PayPal gets it just in time and emails you back two weeks later to tell you they aren't paying anything because there's no evidence that you contacted the company in question. They keep the jumper. Okay, so you remembered to write on a piece of paper all the details in your phone conversation - when you made it, who it was to, what was discussed. PayPal tells you that you didn't try hard enough to sort out the problems. It keeps the jumper, no money. Okay, PayPal believes you that they weren't trustworthy and you get the full $50 back. And it only cost you $8 and six hours of chasing to get it.

Of course this scenario is pretty unlikely anyway because PayPal only allows its guarantee to be put on top of goods from certain sellers - namely, those sellers that has been trading through PayPal for at least five months and have a very high record of delivering the right goods on time. Those companies themselves have to opt out of the guarantee system as it is automatically added to those services that PayPal deems safe enough to offer a guarantee service on.

Now, no insurance company in the world would offer such terms as one court challenge would see them thrown out for being unreasonably restrictive. But is PayPal an insurance company? Does it again exist in legal no man's land?

Under US law it would have to be shown to be collecting a pool of money with which to pay for the losses of a few. It would also have to go through a third party that makes the guarantee. Neither of these appear to apply to PayPal yet it is clearly offering what people would consider to be an insurance service.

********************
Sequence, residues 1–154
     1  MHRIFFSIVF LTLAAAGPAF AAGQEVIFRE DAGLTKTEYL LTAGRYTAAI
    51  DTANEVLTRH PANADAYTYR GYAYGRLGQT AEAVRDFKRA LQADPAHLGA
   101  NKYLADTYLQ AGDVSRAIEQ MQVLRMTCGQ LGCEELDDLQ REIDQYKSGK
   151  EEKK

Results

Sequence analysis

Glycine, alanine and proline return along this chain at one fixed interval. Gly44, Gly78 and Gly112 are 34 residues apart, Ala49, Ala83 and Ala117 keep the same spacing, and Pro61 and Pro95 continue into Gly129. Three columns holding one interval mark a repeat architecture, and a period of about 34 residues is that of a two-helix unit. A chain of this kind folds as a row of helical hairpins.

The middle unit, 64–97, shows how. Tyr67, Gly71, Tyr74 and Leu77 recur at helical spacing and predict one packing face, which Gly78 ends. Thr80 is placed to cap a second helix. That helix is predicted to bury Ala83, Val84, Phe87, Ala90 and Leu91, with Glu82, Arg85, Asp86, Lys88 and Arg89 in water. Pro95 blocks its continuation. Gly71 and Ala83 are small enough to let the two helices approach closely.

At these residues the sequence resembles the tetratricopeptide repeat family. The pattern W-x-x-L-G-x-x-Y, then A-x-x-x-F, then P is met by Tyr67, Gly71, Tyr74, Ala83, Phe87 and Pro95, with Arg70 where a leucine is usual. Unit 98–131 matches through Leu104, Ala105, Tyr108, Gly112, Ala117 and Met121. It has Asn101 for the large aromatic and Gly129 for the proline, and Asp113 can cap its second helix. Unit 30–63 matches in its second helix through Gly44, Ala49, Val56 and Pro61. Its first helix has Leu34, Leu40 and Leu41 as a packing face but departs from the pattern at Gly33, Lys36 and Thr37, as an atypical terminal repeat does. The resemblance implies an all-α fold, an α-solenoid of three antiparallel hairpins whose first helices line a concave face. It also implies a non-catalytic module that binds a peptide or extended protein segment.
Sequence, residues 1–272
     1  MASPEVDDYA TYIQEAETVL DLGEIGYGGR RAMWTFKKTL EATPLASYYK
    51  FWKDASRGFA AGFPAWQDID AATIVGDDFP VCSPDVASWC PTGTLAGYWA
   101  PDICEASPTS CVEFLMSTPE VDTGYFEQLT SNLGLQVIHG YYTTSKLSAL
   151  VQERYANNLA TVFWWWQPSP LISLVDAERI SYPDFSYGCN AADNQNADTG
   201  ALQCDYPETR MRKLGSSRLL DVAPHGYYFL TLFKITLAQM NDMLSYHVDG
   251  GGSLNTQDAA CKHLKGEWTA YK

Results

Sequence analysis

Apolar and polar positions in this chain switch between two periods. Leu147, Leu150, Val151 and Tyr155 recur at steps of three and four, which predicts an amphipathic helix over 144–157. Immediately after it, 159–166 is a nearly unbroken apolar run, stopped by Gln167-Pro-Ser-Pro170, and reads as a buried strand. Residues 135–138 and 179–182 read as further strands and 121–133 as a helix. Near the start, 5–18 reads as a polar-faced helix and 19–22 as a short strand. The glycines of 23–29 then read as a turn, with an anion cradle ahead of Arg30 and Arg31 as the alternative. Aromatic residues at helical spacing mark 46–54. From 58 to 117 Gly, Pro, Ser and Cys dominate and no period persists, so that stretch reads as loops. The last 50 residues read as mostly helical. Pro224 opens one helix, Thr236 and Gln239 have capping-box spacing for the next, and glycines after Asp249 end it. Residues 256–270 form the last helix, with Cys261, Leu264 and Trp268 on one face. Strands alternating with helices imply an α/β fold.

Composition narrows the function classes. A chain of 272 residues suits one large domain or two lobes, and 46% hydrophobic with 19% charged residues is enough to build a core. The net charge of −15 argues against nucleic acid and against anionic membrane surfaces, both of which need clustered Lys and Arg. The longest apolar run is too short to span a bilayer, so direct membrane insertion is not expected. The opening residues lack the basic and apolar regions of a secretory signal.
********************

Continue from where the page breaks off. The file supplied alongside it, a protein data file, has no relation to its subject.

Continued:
The problem is that PayPal really is its own separate entity. It merely appears to be a bank and an insurer but because it takes and pays out money and offers guarantees on goods purchased. In law, however, thanks to the gap opened up by the Internet, it is currently not either.

This means that there will continue to be hundreds of angry customers who feel cheated but who have no legal recourse. Only yesterday a reader complained to us that he had sold two items on eBay through PayPal for £75. He tried to transfer this into his UK bank account. PayPal sent an email a week later saying the transfer had been rejected. The PayPal account now said £61. His bank denied any such rejection of transfer. So PayPal appears to be at fault and charged £14 for the pleasure. If past experience is anything to go by, he won't get it back.

This is just one very small story of hundreds dotted all over the Internet. And these stories will continue until either a) the law changes to pull in PayPal and force it to follow the laws and regulations everyone else is subjected to or b) people learn the fine distinction between PayPal and the institutions they instinctively trust. ®

More about


Send us news

Other stories you might like